Add another organization to the list of advocates trying to rip off taxpayers and shortchange millions of school children under the guise of education “reform.”
The new group, Texans for Education Opportunity, will promote various so-called “school choice” alternatives. Its main goal is to create “education savings accounts” – another name for vouchers — that would give tax dollars to parents, as much as $7,800 per year per child, to spend on private school tuition, private tutors or even books and other materials for homeschooling.
It’s a bad idea, which means it – or something very similar – also will be promoted by Lt. Gov. Dan Patrick, the advocate-in-chief for vouchers and any number of other bad school privatization schemes. As he has made clear by words and deeds on numerous occasions, Patrick would rather take money from public schools than adequately fund them. And that is exactly what this plan would do.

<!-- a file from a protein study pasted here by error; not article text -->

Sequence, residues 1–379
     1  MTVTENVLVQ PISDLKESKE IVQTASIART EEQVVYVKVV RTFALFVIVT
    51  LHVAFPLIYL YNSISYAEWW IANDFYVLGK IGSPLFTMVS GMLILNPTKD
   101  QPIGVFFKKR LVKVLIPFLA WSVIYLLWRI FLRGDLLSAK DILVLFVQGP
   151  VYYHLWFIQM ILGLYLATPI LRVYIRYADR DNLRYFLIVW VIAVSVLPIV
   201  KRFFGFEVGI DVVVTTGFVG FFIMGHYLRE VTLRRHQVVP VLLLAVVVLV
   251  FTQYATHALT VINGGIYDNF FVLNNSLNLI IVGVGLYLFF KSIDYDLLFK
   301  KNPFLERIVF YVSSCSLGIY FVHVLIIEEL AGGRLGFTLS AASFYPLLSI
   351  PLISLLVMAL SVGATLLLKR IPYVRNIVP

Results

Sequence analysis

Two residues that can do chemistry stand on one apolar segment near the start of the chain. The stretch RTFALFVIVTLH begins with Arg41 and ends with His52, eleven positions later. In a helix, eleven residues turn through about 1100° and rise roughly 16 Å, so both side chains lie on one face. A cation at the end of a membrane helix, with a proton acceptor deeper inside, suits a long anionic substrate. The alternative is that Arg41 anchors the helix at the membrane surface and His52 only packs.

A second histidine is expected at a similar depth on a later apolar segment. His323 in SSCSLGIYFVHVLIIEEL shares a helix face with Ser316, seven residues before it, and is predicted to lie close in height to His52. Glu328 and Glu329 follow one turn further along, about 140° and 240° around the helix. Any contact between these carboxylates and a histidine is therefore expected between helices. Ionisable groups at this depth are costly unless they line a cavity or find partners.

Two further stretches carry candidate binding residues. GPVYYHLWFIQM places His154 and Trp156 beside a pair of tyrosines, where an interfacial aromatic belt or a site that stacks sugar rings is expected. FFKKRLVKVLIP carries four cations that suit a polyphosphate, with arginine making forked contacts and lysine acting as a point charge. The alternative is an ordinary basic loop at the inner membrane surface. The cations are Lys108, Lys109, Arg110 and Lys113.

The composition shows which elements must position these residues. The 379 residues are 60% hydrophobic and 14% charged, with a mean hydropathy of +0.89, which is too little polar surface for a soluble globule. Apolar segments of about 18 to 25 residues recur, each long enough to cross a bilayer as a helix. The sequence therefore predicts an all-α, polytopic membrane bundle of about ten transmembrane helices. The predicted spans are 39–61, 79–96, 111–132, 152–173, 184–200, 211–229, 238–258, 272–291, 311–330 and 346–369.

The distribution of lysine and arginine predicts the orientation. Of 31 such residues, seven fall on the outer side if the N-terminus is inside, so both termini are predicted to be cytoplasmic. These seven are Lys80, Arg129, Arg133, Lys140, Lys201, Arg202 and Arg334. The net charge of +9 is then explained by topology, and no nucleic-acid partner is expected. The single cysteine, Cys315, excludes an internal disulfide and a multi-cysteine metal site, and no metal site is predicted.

Thomas Ratliff, a Republican member of the State Board of Education, has accurately described the proposal as an entitlement program. At $7,800 per child, he said, it would cost taxpayers $4.7 billion a year for the 600,000 kids who already attend private schools or are home-schooled. And it would do nothing to fulfill the state’s obligation under the Texas Constitution to provide a system of free public schools to its children.
In fact, it would weaken our already under-funded public schools by diverting more money from them, even though public schools will continue to educate the vast majority of Texas school children.
It’s a selfish, shortsighted idea.
In an article published in Quorum Report, Ratliff also warned that some alleged “home-schoolers” would pull their children out of school and use their state education debit cards issued under the program to put money into their own pockets while ignoring their children’s education. If you think people like that don’t exist, think again.
“The state will then pay again, either to remediate those kids or absorb the social costs of welfare, prison, etc. due to their lack of education,” he wrote.
Ratliff also noted that the term “education savings account” was misleading because many families don’t pay as much as $7,800 per year per child in taxes. Instead, it’s an entitlement.
“This idea takes the word ‘entitlement’ to a whole new level for Texas,” he said. “It is nothing more than a huge handout with no way to control the price tag. Hardly a conservative idea.”